Liss Llewellyn Fine Art - 20th Century British Art

Viola Paterson (1899 - 1981)   BIOGRAPHY

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Horsetail shoots (Equisetum sp) with primrose (Primula vulgaris)and violet (Viola sororia)
Framed (ref: 7051)
Unique coloured woodcut
9 x 7 in. (22.8 x 17.8 cm)

 


Paterson worked in oil, pastel, watercoulour, lithography and etching, but gained her reputation through her colour woodcuts which she made using a technique which she called "woodtype".

A line drawing would be etched onto a soft wood block to create isolated sections, each of which would be individually coloured with watercolour and printed off onto a sheet of paper attached to the top of the block with drawing pins. The result was a complex, multi-coloured image produced from a single block. Most coloured woodcuts are produced using several blocks, generally one block per colour.

Paterson moved to Paris in the early 1920s and studied with Andre Lhote from 1923 to 1925. Her prints were exhibited in the Salon d'Auomne from 1923 to 1930.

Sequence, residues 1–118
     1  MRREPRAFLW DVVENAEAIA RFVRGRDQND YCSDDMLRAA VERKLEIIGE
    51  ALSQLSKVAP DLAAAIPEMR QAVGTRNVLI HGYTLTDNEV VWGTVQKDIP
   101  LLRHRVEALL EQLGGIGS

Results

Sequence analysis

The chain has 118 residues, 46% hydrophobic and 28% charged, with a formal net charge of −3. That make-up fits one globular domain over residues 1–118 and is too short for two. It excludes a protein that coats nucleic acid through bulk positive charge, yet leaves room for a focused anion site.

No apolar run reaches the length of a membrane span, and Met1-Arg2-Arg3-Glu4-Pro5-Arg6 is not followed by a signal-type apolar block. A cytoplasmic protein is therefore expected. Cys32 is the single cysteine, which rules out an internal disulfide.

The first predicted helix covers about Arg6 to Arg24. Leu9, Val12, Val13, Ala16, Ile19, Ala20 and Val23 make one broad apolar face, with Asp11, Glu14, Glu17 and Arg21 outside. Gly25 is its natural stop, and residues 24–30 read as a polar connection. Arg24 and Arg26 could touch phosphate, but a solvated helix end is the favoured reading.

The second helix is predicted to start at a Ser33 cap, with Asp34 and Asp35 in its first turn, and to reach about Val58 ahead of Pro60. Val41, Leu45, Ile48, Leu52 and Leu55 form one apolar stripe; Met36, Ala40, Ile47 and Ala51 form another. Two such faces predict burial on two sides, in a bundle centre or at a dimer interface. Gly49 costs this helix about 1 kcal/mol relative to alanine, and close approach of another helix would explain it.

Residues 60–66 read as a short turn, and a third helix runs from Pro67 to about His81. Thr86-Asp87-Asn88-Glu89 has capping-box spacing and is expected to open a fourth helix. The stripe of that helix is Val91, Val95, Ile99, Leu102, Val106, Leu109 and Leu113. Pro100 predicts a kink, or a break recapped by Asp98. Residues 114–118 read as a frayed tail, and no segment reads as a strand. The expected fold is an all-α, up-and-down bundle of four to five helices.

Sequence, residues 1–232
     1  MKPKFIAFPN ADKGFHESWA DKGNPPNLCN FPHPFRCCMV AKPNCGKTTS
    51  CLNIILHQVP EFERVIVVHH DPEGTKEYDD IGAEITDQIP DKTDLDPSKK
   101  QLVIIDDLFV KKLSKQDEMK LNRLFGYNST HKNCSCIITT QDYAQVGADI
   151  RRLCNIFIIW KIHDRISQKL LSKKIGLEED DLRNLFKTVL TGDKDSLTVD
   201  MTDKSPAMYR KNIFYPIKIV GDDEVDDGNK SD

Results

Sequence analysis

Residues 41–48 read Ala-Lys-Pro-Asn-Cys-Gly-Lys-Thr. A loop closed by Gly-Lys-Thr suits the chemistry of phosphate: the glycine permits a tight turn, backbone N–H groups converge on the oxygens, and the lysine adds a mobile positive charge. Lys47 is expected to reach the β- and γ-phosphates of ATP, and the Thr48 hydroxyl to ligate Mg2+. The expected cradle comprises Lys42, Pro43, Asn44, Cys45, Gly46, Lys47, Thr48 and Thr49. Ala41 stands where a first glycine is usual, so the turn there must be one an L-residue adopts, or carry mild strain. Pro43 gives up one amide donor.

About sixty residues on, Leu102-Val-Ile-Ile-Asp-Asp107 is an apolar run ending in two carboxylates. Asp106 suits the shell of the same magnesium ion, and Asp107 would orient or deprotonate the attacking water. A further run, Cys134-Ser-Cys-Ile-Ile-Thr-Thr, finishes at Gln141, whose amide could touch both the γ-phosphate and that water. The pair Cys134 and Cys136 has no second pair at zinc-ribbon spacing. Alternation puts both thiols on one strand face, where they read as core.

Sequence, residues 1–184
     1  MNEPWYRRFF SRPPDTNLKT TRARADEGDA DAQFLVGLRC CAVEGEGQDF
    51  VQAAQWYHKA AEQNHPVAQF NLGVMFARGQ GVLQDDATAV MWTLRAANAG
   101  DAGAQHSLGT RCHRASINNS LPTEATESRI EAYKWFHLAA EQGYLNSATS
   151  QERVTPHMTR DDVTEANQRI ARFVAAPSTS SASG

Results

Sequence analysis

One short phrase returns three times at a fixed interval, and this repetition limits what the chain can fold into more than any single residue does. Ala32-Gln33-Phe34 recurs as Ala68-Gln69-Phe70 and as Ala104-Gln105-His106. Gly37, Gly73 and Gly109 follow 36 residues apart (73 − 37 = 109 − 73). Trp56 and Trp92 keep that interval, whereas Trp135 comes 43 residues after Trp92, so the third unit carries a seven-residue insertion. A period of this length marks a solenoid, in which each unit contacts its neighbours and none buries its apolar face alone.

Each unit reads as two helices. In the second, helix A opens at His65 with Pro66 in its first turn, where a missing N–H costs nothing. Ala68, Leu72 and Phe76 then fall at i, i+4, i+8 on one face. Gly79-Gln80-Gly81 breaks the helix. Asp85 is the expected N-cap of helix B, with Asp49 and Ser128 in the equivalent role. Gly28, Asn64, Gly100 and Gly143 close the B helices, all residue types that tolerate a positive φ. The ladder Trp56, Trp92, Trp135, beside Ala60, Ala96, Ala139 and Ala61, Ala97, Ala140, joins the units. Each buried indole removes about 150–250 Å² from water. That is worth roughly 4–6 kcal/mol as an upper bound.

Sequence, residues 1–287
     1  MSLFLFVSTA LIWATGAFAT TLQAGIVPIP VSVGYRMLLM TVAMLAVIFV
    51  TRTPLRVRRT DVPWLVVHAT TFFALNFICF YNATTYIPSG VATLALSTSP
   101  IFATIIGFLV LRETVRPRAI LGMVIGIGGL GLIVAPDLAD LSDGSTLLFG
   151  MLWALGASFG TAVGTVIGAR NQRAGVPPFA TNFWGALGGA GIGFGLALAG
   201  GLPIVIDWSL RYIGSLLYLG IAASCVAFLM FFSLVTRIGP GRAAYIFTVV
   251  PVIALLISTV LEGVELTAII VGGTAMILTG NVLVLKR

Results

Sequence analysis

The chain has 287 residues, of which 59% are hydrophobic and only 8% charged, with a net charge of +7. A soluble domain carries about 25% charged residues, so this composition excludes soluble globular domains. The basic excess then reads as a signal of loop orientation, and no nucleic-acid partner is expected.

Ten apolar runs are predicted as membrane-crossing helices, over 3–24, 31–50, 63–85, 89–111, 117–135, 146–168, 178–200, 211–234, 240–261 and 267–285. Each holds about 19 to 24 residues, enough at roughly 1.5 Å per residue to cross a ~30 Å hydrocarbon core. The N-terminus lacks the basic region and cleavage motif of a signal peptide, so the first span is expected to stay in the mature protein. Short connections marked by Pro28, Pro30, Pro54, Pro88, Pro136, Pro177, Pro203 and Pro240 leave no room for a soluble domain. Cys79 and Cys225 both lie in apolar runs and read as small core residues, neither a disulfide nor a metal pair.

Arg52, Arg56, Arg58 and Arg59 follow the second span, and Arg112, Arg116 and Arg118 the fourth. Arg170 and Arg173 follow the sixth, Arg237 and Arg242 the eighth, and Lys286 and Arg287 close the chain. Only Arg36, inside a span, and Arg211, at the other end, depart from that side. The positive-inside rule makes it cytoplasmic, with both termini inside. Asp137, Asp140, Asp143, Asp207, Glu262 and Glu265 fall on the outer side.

We are grateful to Daniel Simon for assistance.



Viola Paterson (1899 - 1981)

Painter, draughtsman and printmaker, born in Helensburgh, near Glasgow. Viola was a member of the distinguished Paterson family of artists and she was equally talented as a Colourist in oil, in watercolour and as a lithographer and engraver. As a teenager at a finishing school in London, around 1917-18, she studied with Henry Tonks at the Slade School of Fine Art, from 1919-23 attending the Glasgow School of Art under Maurice Greiffenhagen. In 1924-5 she studied in Paris at L'Academie de la Grand Chaumiere with Lucien Simon Besnard and then with Andre Lhote and thereafter continued to paint in Paris, although she also travelled widely in Europe. At the outbreak of World War II she moved to the south of France, but returned to Britain in 1941. During the war she worked for several years for the Admiralty in Oxford, after the war living in Chelsea, returning to Helensburgh in 1955. the family home, The Long Croft, had been designed by her architect father, and it embodied the last 100 years of Scottish art. A woman of private means and great vitality, Viola Paterson was a keen gardener and expert cook as well as being a prolific artist. She exhibited RA, RSA, Royal Glasgow Institute of the Fine Arts, SSA, Society of Artist Printmakers, Belgrqve and Parkin Galleries. A retrospective was held at The Round House, Havering-atte-Bower, 1983.

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